The Bipartisan Border Abuse Bill Congress is Ignoring

Josh Denmark/CBP

In December 2012, an American citizen trying to cross from Ciudad Juárez, Mexico, into El Paso, Texas, says she was subjected to a humiliating six-hour ordeal. According to the lawsuit she filed with the help of the American Civil Liberties Union, the 54-year-old woman (referred to as "Jane Doe") was selected at the border for a random search and transported to a nearby hospital. There, U.S. Customs and Border Protection agents searched for evidence of drugs by feeding her laxatives and ordering her to defecate in front of them; shackling her to a bed to perform a cavity search; and finally subjecting her to a CT scan. When they told her at last that she was free to go, the hospital handed her a bill for $5,000.

Within 100 miles of the border, CBP officers can legally stop and search any vehicle without a warrant. Courts have said this practice does not violate the Fourth Amendment, though the ACLU and other civil-liberties groups refer to the area adjacent to the border as a "Constitution-free zone." In 2013, the Homeland Security Department, which oversees CBP, released a report finding that the agency's inadequate record-keeping made it impossible to determine how many complaints had been filed against it for excessive use of force. At least 46 people—15 of them U.S. citizens—have been killed by on-duty CBP agents in the last decade, and in all but a few cases, the details are unknown.

This is the backdrop for a bill written by two members of Congress from border districts, Democrat Beto O'Rourke of Texas and Republican Steve Pearce of New Mexico. Last March, the pair introduced the Border Enforcement Accountability, Oversight, and Community Engagement Act. Among other things, it would establish an ombudsman within DHS who would be responsible for investigating allegations of violence and civil-rights violations by CBP, and would create an oversight commission to review the agency's policies and inform the way it spends its $18 billion annual budget. O'Rourke and Pearce also propose to increase the amount of training required for officers and agents, and to establish new protocols under which CBP would be required to report deaths at the border or agents' use of force.

"Given the very broad powers [CBP] enjoys, Steve Pearce and I felt it was important they have very strong oversight and accountability and reporting requirements," O'Rourke tells me. He says he and Pearce "have a very hard time agreeing on broader issues on immigration and so many things that come before Congress." But despite their generally divergent politics, they agree on this.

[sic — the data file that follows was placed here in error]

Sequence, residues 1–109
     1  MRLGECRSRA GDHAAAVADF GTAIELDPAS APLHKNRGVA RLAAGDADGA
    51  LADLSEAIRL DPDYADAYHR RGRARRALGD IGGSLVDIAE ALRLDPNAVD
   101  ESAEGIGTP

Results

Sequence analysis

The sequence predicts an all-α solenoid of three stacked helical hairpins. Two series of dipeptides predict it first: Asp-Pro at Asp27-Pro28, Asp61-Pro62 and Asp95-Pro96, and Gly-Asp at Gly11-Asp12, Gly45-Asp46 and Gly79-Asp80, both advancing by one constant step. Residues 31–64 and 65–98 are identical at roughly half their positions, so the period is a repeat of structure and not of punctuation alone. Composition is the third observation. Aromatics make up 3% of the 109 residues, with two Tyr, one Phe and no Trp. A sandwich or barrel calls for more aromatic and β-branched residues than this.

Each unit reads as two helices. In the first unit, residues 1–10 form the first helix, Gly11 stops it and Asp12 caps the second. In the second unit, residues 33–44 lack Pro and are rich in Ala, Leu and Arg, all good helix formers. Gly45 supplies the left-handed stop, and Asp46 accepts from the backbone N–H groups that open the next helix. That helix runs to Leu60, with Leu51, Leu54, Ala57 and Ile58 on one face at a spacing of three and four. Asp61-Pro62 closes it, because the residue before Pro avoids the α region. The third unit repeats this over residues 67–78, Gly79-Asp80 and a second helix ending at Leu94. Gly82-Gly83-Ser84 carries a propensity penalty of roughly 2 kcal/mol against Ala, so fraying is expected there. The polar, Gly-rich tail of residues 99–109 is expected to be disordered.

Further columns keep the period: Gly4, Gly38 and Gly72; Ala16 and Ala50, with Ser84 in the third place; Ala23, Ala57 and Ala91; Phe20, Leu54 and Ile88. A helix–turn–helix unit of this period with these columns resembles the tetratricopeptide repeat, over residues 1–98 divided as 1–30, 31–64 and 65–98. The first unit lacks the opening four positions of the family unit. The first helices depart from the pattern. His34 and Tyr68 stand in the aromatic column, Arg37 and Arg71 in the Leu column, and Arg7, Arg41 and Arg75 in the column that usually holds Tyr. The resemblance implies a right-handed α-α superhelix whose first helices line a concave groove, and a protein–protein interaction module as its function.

If you've never heard of Pearce and O'Rourke's legislation, that's probably because it has been sitting in committee since its introduction in March 2013. Given the rancorous state of the national immigration debate, even a small-scale, bipartisan bill on the issue is unlikely to see the light of day anytime soon. (Pearce and O'Rourke also collaborated on a measure that would allow DHS and immigration judges to review some cases where a deportation separated U.S. citizens from a family member—an idea that, likewise, has gone nowhere.)

Outside Congress, the border act has garnered broad support. The National Border Patrol Council—the CBP agents' union—has endorsed it, and human-rights groups such as the ACLU and the Interfaith Immigration Coalition have praised it. "Props to Rep. Beto O'Rourke and Rep. Steve Pearce," blogged Patty Kupfer, of the immigration advocacy group America's Voice, earlier this year. She called the bill "a critical first step in giving border communities more of a say."

O'Rourke, for his part, thinks the bill has only grown more relevant—not just to the situation at the border but also to the national conversation. He hopes that if Republicans give the legislation a second look, the party's fiscal hawks will see the need to hold CBP accountable for how it spends its large budget. And as for Democrats, he says, "you can see in their response to Ferguson really strong concerns about the use of force, and a check and balance on police powers."

This leads O'Rourke to believe that the bill has potential to bridge the partisan divide. "There's a growing coalition of Republicans and Democrats who are concerned about the scope and power of federal law enforcement and the federal government's ability to get involved in our private lives," he says. That coalition "has real concerns about civil-liberties protections. ... All of those things are covered in this bill."

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